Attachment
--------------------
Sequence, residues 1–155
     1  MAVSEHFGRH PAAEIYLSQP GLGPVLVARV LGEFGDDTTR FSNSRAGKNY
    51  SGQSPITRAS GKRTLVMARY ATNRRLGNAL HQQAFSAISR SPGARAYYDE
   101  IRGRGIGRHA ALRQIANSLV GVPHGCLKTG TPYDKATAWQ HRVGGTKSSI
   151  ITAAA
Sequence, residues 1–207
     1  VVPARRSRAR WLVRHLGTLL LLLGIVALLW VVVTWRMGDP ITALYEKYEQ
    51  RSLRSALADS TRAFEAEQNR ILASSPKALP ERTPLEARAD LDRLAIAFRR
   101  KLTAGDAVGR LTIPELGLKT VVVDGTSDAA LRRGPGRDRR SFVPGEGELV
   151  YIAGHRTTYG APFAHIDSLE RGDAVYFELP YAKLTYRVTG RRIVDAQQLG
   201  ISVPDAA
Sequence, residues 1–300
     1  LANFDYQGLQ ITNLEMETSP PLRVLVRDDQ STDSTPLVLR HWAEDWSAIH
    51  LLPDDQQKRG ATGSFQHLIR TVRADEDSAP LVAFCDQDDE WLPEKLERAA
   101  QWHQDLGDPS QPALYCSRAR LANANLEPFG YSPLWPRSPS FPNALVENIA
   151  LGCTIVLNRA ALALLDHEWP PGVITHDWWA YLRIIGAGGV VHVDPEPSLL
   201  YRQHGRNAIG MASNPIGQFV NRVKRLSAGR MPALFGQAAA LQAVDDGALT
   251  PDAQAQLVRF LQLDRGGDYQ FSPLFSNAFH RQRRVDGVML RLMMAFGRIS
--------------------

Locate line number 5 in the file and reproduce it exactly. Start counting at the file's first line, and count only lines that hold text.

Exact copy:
   151  ITAAA